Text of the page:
The pulley would pose no problem - its a straight forward turning job or modify a close match. Since it overheated (we don't know how bad) I would be concerned about the rings, rod and crank bearings, etc. Another reason to drop the pan and see what lurks within. As for the overheating - at the very least your looking at cleaning and flushing the cooling system or worse case re-coring the radiator. With a properly maintained and refreshed cooling system this car should be able to idle all day with no issue. 

 

 

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1 minute ago, Matt Goist said:

I would be interested in coming to see in person and discussing a price. I am in Scranton.

Send me a PM.  I can't seem to send them yet.  I can give you the owners number.  

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Darel you have a 1927 Model 35 "Big Six" with an all steel body. For the sake of the next owner, who I hope will preserve this car and all of its original details as much as possible, do not do anything more to it.

 

On the down side there is a whole lot of pot metal to deal with, including the oil pump that is now probably broken. On the up side the you have the very rare Budd all steel body which means there is no wood to deal with. The wood finish you see on the interior is painted metal.

 

Good luck with the sale and best wishes to the new owner. I hope that you will share with us more details about this car so we can better document the original details from the factory.

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Yes the photos you have provided are a great help. Chandler cars are rare to begin with and low mileage cars even rarer. Keep in mind rarity on a car like this can have both a positive and negative effect on value. Being a rare model, Big Six, and the steel body, make it desirable as a collector car. But being so few around also makes it difficult to collect parts for to maintain.

 

Trust me I am not trying to be little the car. I am speaking from experience, aside from our all original 1929 Model 65 Standard Six we also have the oldest running Chandler. 1914 Chandler model 15 still with less than 17,000 miles on it. I hope you all are able to be realistic on the perceived value on this car. Given that there are so few similar cars coming up with a "market price" will be difficult. Maybe in $10-15k range? Maybe more, only you and the next buyer will know for sure. Good luck! 

 

Let me know if you have any more questions.

 

BTW the rubber mat in front and carpet in back was standard issue from the factory.

Edited by 29 Chandler (see edit history)
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Thank you!  Yes, we've discussed ad nauseum among us how nearly impossible it is to put a price on something like this.  Basically, it's worth whatever someone is willing to pay.  I appreciate all your information and insight.  Thanks again!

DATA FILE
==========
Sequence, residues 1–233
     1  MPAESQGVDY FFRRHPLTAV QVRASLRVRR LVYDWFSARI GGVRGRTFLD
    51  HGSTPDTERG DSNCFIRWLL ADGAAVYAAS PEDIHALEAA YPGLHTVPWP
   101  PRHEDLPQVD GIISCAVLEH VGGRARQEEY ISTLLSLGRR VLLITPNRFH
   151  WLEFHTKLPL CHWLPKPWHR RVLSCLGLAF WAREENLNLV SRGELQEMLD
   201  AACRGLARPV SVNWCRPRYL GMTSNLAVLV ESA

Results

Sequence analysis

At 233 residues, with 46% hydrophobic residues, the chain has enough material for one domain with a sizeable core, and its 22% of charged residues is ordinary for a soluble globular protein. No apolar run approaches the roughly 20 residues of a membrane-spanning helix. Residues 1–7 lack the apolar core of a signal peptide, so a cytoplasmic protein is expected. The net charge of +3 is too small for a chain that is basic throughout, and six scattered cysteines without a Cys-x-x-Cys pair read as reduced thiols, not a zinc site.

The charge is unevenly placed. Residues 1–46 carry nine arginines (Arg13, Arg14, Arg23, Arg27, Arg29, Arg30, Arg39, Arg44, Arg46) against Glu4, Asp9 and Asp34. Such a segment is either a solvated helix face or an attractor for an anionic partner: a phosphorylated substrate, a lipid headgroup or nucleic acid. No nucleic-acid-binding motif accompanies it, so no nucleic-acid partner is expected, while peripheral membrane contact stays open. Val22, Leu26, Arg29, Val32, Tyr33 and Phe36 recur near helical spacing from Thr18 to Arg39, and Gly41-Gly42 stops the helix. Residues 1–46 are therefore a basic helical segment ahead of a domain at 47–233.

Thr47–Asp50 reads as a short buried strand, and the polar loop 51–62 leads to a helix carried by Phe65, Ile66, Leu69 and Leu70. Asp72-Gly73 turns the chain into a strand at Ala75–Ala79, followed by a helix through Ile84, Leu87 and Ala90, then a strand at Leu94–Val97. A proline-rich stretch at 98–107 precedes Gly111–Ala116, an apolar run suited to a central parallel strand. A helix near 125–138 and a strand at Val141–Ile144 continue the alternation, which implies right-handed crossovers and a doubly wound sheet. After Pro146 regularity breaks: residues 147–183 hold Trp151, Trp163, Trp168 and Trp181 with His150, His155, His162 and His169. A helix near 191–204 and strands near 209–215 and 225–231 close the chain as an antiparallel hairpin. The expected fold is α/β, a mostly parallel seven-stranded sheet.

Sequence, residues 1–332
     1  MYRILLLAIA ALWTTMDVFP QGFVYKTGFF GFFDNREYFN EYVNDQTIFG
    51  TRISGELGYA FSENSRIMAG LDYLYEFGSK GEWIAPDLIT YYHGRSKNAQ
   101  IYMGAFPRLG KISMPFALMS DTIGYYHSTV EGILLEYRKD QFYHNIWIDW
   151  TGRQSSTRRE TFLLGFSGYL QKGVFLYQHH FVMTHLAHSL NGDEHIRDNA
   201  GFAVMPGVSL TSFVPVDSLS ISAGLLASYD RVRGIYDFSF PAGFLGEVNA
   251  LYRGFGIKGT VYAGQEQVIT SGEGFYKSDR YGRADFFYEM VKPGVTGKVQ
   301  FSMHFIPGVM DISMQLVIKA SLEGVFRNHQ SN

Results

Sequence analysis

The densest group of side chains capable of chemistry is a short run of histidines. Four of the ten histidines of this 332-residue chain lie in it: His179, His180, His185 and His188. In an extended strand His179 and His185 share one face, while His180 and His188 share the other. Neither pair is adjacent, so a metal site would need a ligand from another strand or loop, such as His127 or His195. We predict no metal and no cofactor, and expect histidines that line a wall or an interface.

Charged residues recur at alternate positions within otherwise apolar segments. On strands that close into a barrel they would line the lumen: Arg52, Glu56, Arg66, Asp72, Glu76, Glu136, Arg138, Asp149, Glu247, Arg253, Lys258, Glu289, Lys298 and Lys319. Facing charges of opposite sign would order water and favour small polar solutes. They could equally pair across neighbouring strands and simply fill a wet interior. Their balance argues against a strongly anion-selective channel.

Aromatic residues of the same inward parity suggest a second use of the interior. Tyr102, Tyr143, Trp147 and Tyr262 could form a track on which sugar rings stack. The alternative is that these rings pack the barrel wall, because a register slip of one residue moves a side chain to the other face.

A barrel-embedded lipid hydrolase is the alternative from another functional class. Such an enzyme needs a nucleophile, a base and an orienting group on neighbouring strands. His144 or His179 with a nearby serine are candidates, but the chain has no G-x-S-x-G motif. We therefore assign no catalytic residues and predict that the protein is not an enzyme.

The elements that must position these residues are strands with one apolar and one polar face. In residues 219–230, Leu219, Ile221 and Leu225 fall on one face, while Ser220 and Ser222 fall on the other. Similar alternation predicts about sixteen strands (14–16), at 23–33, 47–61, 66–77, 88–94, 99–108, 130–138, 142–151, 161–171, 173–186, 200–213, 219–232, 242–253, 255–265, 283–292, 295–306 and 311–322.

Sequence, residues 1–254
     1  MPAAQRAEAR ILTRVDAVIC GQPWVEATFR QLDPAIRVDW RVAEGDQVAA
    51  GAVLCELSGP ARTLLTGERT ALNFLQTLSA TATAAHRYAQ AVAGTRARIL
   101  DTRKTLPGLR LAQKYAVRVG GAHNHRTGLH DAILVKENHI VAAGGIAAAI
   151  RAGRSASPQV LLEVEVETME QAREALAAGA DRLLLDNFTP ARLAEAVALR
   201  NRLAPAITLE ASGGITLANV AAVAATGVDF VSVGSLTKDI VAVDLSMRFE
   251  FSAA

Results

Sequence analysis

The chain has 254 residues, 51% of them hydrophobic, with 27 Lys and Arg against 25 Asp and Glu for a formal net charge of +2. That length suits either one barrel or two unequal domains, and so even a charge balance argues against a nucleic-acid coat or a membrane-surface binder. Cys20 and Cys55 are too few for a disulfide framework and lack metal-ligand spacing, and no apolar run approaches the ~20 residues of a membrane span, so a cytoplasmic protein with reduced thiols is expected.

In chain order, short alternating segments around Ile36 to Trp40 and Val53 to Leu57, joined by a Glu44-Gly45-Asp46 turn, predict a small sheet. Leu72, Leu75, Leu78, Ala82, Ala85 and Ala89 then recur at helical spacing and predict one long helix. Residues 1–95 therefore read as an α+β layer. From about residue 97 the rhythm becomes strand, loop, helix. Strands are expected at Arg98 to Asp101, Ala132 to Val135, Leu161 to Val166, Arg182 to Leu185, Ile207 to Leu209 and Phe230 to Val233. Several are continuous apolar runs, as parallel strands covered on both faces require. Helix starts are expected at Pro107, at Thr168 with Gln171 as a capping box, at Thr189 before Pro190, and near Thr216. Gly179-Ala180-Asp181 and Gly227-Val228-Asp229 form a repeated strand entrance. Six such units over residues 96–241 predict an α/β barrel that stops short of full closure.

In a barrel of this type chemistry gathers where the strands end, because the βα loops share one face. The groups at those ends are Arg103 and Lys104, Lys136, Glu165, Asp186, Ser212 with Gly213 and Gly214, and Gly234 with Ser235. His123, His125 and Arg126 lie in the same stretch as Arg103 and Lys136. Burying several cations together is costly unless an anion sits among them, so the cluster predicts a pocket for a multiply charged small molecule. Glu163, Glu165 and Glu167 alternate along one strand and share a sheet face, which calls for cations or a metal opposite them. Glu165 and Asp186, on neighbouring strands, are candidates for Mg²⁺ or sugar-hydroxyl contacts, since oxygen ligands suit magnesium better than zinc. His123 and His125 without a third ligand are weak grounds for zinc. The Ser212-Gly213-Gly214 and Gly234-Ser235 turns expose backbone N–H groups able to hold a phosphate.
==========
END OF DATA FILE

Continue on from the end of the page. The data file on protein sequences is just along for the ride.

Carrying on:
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I have just got back from seeing the Chandler in person. Skip is a great guy and very nice. I am hoping him and I can work out a deal. He is a man of his word and is going to show the car to a few others who have also expressed interest before making a decision. One of the coolest things about this car is the story behind it. If anyone makes their way to see the car Skip will give you the full history and even point out the church that Darel mentioned. The photos Darel posted are a great representation of the car. The pot metal is failing everywhere and that is probably the biggest knock against it. It is an otherwise very untouched car deserving of preservation. It would be a crime to restore this car. One of the side lights is broken, which Skip said happened recently from the blankets being pulled off the car. Thank you for posting this @Darel  hoping I can give it a good home. 

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Skip told me the story about how the day he came home from graduating college his grandfather met him at the back porch (at the house right in front of the garage) and handed him the registration with tears in his eyes. He had always promised Skip the car since he was the first grandchild.  He also said his grandfather used to go out the the garage and nap in the back seat of the car when his wife was angry at him! It really is a time capsule. These stories are too cool not to document and keep alive. 

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Skip called me after you left.  He was very excited to meet someone with your background, who took such a genuine interest in the car.  This has been very hard for him, but knowing whoever ends up with the car will give it the respect it deserves has made him feel better about it.  

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@Darel I can only imagine how hard it is, that car has been a part of his life since day one. It is definitely worthy of a proper mechanical sorting and preservation. Skip and I spoke that it would be neat to have the car in Ashley the parade again someday.